Our electric company is raising its rates for businesses as much as 50 percent. Small family-owned businesses will be directly affected. How much of this increase they can absorb is of paramount concern. Will it result in higher prices or lay-offs?

These are the tough issues that few in elected office want to touch.

I talk to politicians on the local level every week in western Massachusetts. I also cover statewide issues. And I’ve met very few people with real ideals, real ideas and real courage.

But to quote the late Walt Kelly, “We have met the enemy and he is us!” Our willingness to sop up all of the mental slop offered us by the mainstream press as “news” and as “issues,” has prevented us from really looking at what’s important.

It’s time to wake up.

8 comments:

SRBissette said...

True enough, Mike. What many don't seem to grasp on even the most fundamental level is how completely the corporate culture has coopted politics and every primary facet of our existences -- and thus, control the dialogue.

Much as I rail against the current Administration, it wouldn't have been much different under Kerry (though the assumption is made when one addresses the abuses of the Bush Administration, one has therefore 'taken the other side,' as if there were a viable 'other side' to vote for). The only Presidential candidates who dared to tackle the larger, more critical issues -- Kucinich, Nader -- were instantly marginalized and isolated, hence rendered silent.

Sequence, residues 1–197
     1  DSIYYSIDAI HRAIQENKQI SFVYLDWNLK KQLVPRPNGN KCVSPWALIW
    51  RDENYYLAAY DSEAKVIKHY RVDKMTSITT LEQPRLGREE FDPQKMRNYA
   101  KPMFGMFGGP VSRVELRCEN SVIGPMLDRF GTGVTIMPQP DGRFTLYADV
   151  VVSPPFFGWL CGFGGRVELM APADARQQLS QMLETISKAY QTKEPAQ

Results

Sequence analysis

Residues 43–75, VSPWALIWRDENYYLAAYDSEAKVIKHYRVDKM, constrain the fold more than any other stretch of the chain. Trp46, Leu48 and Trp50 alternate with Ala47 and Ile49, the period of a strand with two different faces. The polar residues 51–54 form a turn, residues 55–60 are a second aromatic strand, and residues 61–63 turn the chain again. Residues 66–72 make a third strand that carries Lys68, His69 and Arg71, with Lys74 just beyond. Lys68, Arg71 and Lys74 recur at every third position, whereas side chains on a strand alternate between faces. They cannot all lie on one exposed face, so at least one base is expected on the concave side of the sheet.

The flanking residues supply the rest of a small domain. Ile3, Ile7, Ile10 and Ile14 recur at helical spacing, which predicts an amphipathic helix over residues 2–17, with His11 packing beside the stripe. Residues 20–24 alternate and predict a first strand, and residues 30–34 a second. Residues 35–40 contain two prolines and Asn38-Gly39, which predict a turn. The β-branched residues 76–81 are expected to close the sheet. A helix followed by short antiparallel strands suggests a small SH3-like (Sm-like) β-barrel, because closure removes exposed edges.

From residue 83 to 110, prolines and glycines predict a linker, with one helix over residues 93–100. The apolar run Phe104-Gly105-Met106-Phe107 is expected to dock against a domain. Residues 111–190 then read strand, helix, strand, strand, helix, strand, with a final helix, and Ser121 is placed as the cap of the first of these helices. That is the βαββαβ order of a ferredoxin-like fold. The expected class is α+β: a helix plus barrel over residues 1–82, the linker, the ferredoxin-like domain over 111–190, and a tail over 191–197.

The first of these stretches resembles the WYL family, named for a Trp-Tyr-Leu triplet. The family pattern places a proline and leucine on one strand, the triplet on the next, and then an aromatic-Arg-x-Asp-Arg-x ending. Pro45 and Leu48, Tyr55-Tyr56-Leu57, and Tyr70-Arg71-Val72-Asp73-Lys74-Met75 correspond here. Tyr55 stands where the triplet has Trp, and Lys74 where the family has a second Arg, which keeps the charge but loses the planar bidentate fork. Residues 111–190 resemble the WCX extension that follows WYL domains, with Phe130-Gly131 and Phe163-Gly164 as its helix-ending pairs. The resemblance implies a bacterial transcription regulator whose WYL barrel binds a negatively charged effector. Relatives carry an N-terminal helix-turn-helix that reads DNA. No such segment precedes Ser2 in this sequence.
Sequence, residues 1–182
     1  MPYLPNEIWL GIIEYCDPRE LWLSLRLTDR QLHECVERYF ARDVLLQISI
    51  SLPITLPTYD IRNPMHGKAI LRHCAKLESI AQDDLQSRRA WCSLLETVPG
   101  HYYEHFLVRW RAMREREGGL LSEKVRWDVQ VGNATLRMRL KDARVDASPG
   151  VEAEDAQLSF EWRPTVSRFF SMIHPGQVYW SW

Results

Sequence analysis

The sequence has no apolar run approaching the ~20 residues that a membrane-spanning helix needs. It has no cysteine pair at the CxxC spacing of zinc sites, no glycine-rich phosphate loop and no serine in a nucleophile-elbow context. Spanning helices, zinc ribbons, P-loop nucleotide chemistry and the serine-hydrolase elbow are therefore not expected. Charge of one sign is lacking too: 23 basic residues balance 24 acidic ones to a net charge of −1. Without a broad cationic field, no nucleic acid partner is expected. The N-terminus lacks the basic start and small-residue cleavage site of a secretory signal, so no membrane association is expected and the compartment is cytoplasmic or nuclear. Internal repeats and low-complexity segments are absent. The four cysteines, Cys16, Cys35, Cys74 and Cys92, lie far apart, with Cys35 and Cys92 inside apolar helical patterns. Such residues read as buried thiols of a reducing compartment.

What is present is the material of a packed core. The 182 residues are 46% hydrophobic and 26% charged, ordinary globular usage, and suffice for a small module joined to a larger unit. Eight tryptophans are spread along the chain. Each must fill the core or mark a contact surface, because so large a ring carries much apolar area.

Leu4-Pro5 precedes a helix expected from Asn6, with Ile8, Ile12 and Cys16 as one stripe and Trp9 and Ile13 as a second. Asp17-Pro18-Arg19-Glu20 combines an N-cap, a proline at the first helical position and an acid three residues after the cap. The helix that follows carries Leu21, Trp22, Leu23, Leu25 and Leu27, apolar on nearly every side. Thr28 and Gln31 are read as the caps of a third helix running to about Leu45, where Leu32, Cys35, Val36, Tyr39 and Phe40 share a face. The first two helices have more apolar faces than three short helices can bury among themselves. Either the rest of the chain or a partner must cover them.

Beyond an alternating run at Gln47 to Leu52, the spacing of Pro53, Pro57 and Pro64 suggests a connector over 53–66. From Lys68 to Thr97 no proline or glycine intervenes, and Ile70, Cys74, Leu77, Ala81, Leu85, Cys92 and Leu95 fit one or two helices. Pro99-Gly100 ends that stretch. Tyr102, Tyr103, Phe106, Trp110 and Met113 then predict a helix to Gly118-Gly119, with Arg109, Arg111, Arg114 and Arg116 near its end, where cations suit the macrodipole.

With the pharmaceutical corporations already flying your Gov around, the courtship for the next election is clearly in the money pockets -- and nothing will fundamentally change. I fear it will take another true collapse of the societal structure (on a scale much, much larger and more horrendous than Katrina) to prompt the kind of change necessary, if that's even possible at this juncture in our history.

Mike Dobbs said...

What so many people fail to grasp these days is that we can not have the ideal American society without jobs. And business people will abandon a city, a state, a region or this country if moving means a decrease in expenses and an increase in profits.

Don't get me wrong, I'm a capitalist. An owner of a business has the right to do business where he or she pleases. I'm not advocating legislation that would make people do this or that or force a redistribution of wealth.

However there are always reactions to actions and one can't continually weaken the job market without damaging the consumer base for products and services. I believe that is what is happening. Short-term profit goals are being met at the expense of long term standard of living.

The problem is that too few elected officials from either party want to start tackling this subject. They need to begin at the energy side.